Vodafone uses IoT across stolen cars, mental health, beer

Providing the connectivity behind IoT solutions has seen Vodafone help recover almost 1,000 stolen vehicles, assist hundreds of children unable to attend school, and keep track of beer kegs across Australia.

Vodafone's global Internet of Things (IoT) connectivity play is seeing it solve issues across stolen vehicles, children's mental health, and beer tracking, the carrier has said.

Speaking during the annual CeBIT conference in Sydney on Wednesday, Binary Beer CEO Michael Burton described how his company is using Vodafone Australia's narrowband IoT (NB-IoT) network to transform traditional beer kegs into "smart kegs".

"We're developing a platform that makes sure that beer kegs never go missing, and they don't get lost, damaged, and stolen, and also that the beer they serve on tap ... is fresh, just as the brewer had intended it to be," Burton said.

"So to do that, we've developed these IoT sensors that attach to the beer kegs ... that can send data in real time back to the brewer."

According to Burton, this data then enables the brewer to make decisions on how best to optimise the supply chain, and also to recall beer if it hasn't been stored correctly and is at risk of going stale before it is served.

This protects brewing companies' reputations, Burton explained.

He added that from the very beginning, Binary Beer has always primarily been an IoT startup.

"Right from the start, we were an IoT company, and if we didn't implement IoT, I think we would probably be lost in amongst an already established industry," he said, pointing to companies that were already using technology such as RFID codes to keep track of beer kegs.

"I often say ever since man first put beer into a beer keg, man has wanted to track that keg to make sure it doesn't go missing."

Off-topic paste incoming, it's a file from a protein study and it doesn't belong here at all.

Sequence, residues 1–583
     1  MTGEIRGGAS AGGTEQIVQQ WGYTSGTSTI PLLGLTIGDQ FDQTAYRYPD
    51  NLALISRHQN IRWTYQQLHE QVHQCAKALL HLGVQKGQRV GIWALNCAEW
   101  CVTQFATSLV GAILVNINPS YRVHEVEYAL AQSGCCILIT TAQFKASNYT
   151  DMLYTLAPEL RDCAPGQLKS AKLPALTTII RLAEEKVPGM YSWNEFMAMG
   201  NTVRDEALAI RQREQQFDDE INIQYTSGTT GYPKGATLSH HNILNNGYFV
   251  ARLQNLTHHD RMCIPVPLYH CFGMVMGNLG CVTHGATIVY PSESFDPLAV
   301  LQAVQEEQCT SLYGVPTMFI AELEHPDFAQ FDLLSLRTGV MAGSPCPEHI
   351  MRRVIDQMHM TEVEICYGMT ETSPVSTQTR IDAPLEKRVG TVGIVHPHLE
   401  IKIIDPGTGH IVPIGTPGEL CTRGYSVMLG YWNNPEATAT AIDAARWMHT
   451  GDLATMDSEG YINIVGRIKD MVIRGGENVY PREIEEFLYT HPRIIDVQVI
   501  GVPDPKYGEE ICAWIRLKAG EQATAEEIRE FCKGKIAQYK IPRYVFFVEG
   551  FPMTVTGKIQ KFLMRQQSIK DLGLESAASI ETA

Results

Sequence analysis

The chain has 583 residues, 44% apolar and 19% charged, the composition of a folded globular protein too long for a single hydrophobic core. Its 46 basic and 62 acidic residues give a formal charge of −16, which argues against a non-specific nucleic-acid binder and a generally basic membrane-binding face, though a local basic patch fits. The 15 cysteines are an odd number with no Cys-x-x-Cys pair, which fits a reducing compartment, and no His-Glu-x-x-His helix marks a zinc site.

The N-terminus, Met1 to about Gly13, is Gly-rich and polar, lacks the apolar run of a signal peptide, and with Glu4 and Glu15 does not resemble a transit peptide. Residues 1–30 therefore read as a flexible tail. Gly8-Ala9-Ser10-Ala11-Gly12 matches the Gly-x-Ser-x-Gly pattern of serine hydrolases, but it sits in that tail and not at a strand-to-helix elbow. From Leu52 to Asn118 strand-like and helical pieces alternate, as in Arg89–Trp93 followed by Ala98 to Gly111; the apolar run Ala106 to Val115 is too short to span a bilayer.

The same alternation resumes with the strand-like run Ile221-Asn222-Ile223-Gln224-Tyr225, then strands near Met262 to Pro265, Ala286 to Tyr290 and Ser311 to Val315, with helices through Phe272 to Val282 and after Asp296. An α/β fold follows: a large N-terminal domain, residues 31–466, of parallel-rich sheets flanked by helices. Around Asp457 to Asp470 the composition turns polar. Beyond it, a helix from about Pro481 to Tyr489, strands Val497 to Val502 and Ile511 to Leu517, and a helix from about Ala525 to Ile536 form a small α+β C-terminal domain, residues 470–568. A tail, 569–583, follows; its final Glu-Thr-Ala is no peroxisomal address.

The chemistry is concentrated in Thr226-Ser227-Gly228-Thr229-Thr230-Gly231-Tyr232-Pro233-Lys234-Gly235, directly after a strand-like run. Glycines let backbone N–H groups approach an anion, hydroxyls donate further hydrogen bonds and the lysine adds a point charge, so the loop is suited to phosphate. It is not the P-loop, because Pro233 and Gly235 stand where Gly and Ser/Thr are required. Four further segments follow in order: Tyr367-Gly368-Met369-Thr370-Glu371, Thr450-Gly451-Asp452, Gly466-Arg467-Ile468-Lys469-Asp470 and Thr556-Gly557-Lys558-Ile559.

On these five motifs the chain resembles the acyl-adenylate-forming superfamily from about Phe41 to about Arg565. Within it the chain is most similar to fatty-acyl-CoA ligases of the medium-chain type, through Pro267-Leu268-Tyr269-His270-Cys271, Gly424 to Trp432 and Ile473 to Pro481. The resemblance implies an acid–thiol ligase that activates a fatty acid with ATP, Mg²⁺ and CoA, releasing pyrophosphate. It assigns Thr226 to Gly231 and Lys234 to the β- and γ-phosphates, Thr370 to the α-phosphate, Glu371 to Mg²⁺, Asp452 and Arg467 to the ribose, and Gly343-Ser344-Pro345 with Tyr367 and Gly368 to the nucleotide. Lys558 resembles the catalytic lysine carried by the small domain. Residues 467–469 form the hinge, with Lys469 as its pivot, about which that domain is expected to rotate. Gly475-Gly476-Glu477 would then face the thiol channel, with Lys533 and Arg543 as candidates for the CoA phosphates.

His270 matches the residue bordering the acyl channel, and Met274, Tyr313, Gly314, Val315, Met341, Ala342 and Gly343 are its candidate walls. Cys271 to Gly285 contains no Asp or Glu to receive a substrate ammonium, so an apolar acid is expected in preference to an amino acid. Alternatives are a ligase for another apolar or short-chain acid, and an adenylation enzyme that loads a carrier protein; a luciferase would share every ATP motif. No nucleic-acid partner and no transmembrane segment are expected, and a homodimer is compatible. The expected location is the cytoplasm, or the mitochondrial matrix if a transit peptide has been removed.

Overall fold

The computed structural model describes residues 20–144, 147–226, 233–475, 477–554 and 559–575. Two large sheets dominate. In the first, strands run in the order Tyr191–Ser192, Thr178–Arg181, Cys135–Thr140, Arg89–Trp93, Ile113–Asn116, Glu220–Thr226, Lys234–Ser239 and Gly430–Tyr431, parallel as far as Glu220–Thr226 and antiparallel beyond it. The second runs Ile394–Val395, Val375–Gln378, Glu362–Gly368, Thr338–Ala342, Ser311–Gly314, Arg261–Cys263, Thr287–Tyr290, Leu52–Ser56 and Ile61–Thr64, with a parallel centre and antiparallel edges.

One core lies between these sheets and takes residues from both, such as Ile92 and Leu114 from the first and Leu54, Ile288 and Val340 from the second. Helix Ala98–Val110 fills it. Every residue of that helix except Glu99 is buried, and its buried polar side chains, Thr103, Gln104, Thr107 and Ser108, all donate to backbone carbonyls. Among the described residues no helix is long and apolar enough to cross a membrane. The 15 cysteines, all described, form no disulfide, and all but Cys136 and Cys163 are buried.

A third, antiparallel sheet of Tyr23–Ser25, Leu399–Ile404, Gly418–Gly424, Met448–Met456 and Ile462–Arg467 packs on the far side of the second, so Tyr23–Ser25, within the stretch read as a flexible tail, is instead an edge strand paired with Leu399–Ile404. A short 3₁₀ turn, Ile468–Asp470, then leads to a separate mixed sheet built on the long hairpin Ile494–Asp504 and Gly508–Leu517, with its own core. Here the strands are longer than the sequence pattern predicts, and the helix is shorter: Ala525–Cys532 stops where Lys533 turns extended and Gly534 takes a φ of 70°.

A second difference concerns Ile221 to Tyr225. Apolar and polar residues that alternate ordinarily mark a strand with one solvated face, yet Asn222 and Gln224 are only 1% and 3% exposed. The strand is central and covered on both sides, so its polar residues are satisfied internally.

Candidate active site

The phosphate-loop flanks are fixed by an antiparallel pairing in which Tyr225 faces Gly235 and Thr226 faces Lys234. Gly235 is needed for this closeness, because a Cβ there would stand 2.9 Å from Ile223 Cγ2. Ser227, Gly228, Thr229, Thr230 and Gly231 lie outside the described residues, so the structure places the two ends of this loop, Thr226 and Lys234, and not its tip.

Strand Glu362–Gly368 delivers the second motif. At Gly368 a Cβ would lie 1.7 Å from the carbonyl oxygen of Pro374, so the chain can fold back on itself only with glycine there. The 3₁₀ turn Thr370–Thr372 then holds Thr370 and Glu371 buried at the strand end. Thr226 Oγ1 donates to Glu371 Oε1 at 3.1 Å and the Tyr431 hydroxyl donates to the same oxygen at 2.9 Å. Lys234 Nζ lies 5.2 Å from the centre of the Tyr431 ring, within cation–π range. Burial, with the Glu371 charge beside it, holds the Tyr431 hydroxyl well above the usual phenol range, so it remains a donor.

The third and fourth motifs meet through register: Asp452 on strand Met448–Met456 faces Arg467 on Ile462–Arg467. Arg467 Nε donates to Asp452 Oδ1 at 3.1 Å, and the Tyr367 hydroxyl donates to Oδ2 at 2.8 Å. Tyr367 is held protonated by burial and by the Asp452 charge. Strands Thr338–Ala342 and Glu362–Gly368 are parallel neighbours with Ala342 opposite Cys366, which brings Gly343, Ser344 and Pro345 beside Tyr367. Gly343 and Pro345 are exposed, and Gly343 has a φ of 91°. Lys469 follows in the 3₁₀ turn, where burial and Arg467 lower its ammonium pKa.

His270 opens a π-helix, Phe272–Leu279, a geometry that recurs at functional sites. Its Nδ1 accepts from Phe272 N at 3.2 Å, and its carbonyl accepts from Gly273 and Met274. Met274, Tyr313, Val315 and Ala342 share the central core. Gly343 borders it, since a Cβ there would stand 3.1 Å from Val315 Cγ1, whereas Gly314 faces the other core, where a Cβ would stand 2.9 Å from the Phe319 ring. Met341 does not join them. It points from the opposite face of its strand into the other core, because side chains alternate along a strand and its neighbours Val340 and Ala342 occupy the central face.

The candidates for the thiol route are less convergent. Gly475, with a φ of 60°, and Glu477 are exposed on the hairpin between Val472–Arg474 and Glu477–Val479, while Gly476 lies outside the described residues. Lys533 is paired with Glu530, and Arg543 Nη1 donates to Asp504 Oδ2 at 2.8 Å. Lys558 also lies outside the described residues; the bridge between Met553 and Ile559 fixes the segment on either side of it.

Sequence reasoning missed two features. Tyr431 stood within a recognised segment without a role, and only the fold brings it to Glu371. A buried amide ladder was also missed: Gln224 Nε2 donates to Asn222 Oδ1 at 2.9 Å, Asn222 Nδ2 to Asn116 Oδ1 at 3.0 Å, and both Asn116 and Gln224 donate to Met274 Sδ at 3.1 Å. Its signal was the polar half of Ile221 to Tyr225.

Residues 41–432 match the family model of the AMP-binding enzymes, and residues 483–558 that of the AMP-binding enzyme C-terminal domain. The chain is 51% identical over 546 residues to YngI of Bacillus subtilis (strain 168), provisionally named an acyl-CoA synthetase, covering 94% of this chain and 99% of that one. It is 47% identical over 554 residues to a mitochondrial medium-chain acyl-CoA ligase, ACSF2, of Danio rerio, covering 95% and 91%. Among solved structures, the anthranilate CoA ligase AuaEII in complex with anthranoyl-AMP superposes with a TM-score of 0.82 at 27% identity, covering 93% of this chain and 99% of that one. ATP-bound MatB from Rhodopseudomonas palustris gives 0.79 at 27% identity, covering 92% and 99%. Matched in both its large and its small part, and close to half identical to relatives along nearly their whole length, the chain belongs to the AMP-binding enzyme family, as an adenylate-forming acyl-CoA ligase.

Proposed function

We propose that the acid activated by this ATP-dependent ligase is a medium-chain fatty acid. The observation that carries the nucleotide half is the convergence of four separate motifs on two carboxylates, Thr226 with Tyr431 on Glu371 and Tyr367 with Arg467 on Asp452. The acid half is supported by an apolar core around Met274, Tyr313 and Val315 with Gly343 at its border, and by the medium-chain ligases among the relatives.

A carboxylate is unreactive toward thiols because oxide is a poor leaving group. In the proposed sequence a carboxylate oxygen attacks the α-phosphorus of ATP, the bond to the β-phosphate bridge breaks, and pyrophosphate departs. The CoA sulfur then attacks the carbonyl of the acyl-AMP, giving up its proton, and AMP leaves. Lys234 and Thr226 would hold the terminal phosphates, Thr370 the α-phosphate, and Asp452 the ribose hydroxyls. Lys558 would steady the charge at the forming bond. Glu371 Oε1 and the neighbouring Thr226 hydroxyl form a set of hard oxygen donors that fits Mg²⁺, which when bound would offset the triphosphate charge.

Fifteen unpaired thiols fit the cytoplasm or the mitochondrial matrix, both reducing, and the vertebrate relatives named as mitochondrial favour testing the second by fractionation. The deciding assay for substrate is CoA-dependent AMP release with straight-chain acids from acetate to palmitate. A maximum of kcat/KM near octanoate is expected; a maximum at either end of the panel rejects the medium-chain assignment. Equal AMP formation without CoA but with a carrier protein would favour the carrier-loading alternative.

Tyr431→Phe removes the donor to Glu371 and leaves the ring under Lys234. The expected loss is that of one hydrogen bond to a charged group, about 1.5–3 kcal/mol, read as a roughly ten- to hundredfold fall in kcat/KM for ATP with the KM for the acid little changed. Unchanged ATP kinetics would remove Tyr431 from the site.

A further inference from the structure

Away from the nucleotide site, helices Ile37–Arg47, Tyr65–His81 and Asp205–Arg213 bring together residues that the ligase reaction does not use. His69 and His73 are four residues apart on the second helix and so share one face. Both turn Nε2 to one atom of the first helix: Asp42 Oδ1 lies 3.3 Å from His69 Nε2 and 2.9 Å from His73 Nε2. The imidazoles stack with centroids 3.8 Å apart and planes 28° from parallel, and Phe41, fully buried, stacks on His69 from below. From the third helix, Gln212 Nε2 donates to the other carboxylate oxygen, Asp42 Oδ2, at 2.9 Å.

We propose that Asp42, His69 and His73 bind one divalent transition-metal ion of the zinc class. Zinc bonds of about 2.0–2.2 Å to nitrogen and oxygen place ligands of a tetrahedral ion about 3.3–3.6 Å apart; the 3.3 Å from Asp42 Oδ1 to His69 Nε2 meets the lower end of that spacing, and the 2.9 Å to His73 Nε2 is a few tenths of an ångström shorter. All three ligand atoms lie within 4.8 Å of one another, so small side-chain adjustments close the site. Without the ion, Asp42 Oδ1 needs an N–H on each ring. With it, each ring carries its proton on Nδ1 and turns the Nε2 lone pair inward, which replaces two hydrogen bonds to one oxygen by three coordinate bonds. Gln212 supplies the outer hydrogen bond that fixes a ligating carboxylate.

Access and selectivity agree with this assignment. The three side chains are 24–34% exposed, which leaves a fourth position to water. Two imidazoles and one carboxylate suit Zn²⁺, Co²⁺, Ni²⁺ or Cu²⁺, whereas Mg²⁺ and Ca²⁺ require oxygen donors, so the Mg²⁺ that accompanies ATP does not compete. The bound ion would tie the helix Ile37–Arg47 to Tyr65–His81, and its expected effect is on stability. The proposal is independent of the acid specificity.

In choosing to go with Vodafone's NB-IoT network for the platform, Burton explained that Binary Beer had launched at a time when LoRaWAN towers were being built; however, he said these were being rolled out "very slowly", with the company also concerned about needing coverage across the entire nation.

"The trouble was we wanted to go to market now ... even with some of the commercial providers that are out there as well, our issue is that these kegs can be just about anywhere, and we need to be able to track them no matter where they go," he explained.

"So the only way we could go to market quickly is to depend on the existing network of coverage that the kegs can talk to, and that means something like Vodafone's NB-IoT network."

Vodafone had revealed to ZDNet at CeBIT last year that it would be launching live NB-IoT networks in Australia, New Zealand, and Germany during the second half of 2017 following the launch of its NB-IoT network across six cities in Spain in January.

It then announced launching a commercial NB-IoT network in Melbourne and Sydney last October after running NB-IoT trials with Huawei for the past year.